State policy makers have an opportunity to provide a pathway that enables personalized, competency-based learning by creating innovation zones or Districts of Innovation.
An innovation zone is a mechanism states use to create room for encouraging districts to develop new learning models by offering some waivers and exemptions from certain administration regulations and statutory provisions. Innovation zones are often part of a statewide effort to open up space for schools and educators to create next generation, personalized learning models that dramatically improve the learning of students.
Instead of educators asking, “Am I allowed to innovate in this way?” …they help identify policy barriers for a state to address and fix. This sense of educator empowerment for planning, getting started in implementation and being able to develop personalized learning models is important — and is supported by a willingness from policy makers to address barriers that arise.
State education agencies are working to support local innovation with dedicated resources and forming “loose-tight” partnerships with innovative districts and schools to address barriers and constraints while playing a catalytic role to diffuse the new approaches throughout the system.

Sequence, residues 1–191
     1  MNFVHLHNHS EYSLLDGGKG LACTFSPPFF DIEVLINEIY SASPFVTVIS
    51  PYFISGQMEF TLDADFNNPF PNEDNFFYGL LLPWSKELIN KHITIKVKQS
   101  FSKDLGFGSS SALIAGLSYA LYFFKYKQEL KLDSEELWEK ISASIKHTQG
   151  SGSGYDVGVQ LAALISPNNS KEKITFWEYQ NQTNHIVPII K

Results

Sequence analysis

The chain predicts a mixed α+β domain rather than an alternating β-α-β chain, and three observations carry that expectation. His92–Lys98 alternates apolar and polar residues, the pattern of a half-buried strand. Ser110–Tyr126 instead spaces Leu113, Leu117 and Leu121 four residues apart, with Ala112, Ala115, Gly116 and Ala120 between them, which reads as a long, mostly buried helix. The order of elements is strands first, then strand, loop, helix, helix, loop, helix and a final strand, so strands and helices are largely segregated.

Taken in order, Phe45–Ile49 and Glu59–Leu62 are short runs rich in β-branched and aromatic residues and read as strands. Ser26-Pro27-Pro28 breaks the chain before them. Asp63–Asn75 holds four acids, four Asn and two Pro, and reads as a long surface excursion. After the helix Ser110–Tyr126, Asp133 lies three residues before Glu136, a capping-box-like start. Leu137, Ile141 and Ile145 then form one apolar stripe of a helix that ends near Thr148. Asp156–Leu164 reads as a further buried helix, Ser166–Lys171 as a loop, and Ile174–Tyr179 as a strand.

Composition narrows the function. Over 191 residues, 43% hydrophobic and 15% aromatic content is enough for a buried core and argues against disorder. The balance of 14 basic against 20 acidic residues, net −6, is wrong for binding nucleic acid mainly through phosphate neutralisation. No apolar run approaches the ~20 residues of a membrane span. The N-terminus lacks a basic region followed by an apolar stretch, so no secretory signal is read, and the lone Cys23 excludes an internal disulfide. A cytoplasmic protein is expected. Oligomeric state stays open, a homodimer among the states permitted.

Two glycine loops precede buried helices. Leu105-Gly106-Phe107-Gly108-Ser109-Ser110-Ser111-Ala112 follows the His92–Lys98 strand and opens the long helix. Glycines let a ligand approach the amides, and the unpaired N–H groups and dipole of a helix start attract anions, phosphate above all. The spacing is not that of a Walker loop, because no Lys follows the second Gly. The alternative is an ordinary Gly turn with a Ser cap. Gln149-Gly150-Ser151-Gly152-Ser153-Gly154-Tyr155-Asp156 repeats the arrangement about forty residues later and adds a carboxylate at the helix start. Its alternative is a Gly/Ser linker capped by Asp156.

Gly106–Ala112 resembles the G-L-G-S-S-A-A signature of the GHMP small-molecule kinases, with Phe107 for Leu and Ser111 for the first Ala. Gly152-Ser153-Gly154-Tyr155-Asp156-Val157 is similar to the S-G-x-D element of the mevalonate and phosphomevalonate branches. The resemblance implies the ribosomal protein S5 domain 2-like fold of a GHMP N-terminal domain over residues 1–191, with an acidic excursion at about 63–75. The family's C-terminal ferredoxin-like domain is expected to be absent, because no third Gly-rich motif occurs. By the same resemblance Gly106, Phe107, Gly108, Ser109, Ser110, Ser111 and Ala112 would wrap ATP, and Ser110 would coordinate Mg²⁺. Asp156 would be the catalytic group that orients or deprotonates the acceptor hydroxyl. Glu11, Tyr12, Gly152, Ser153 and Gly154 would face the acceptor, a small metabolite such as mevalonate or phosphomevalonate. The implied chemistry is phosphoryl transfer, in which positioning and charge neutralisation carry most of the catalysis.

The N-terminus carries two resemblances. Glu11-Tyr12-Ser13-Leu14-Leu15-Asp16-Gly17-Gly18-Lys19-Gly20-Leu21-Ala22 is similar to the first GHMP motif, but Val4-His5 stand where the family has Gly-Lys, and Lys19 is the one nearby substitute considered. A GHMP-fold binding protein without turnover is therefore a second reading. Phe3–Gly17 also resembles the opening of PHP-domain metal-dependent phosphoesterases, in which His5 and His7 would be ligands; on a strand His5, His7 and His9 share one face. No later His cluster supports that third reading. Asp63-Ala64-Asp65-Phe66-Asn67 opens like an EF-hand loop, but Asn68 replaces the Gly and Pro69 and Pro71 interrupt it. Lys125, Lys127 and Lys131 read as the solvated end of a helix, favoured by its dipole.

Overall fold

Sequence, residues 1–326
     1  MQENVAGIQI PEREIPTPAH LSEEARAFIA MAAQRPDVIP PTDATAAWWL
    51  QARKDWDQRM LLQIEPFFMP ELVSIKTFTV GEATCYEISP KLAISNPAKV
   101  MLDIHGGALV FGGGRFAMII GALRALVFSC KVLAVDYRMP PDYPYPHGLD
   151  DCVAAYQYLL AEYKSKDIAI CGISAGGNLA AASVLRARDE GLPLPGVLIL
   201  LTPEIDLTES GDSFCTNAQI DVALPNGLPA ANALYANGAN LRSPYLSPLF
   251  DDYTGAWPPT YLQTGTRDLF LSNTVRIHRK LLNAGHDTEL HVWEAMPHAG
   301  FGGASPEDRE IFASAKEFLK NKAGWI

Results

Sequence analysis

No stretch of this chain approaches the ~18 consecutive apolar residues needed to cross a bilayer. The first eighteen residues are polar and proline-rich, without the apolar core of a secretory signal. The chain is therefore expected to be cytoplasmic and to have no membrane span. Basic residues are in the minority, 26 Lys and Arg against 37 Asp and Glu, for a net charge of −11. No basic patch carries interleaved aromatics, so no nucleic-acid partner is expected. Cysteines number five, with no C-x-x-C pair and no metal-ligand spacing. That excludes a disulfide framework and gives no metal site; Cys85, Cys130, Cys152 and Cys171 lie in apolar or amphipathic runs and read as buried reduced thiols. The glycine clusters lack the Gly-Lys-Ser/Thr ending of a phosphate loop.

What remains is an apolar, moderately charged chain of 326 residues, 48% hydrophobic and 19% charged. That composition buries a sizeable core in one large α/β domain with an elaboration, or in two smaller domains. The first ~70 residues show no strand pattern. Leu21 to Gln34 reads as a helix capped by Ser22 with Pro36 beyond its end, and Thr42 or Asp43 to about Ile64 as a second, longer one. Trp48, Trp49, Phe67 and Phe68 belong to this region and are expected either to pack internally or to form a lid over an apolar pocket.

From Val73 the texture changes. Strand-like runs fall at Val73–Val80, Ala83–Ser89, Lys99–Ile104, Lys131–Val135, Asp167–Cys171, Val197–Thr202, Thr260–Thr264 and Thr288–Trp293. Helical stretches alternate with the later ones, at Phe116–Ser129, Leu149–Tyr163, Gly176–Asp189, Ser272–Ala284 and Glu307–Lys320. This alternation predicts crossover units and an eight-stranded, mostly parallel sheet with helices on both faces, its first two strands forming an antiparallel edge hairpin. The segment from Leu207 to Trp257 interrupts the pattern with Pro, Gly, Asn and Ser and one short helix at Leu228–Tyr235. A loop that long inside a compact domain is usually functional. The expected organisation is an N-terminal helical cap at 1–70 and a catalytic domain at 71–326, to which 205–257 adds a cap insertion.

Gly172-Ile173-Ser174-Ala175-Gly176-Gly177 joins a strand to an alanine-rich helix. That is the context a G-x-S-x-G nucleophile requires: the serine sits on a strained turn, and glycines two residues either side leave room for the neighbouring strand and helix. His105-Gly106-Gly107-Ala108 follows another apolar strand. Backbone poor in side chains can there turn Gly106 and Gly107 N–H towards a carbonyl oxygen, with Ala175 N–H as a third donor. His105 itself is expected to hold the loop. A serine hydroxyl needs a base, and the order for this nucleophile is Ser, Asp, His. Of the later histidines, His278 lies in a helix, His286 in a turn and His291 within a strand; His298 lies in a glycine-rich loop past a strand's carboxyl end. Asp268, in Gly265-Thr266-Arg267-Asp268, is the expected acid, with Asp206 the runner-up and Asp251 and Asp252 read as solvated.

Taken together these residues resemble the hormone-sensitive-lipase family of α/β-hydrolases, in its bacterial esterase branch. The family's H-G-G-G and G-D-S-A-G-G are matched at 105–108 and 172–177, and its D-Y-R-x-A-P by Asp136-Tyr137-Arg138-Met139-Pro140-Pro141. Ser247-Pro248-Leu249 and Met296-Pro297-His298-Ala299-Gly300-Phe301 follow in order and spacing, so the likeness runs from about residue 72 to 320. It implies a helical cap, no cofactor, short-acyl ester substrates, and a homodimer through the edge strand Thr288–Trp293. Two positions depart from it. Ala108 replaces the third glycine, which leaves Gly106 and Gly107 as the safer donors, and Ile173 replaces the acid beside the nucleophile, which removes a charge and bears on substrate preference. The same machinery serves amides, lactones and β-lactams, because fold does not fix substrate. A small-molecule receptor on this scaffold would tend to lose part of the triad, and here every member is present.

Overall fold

For example, in Colorado, the Innovation Schools Act (2008) provides opportunities for schools and districts to develop innovative practices, better meet the needs of individual students, and allow more autonomy to make decisions at the school level. In Kentucky, HB 37 (2012) created the Districts of Innovation program for redesigning student learning in an effort to support new personalized learning models and increase the number of students who are college- and career-ready.
State policy leaders create innovation zones to provide district and school leaders with the flexibility they need to innovate and develop new personalized learning models. Innovation zones offer state education policy waivers in order to support practitioners in the process of developing and implementing new learning models. As practitioners implement their models, any rules or regulations that impede the model development are brought to light and can be addressed through waivers in a state which has provided such innovation zones. This shifts the role of the state agency from one of compliance enforcement to support in enabling new model development to occur in districts. This mutually serves the state in providing a safe place to identify potential policy barriers to innovation and also serves the district well in having a method to quickly address and remove policy barriers to better serve students.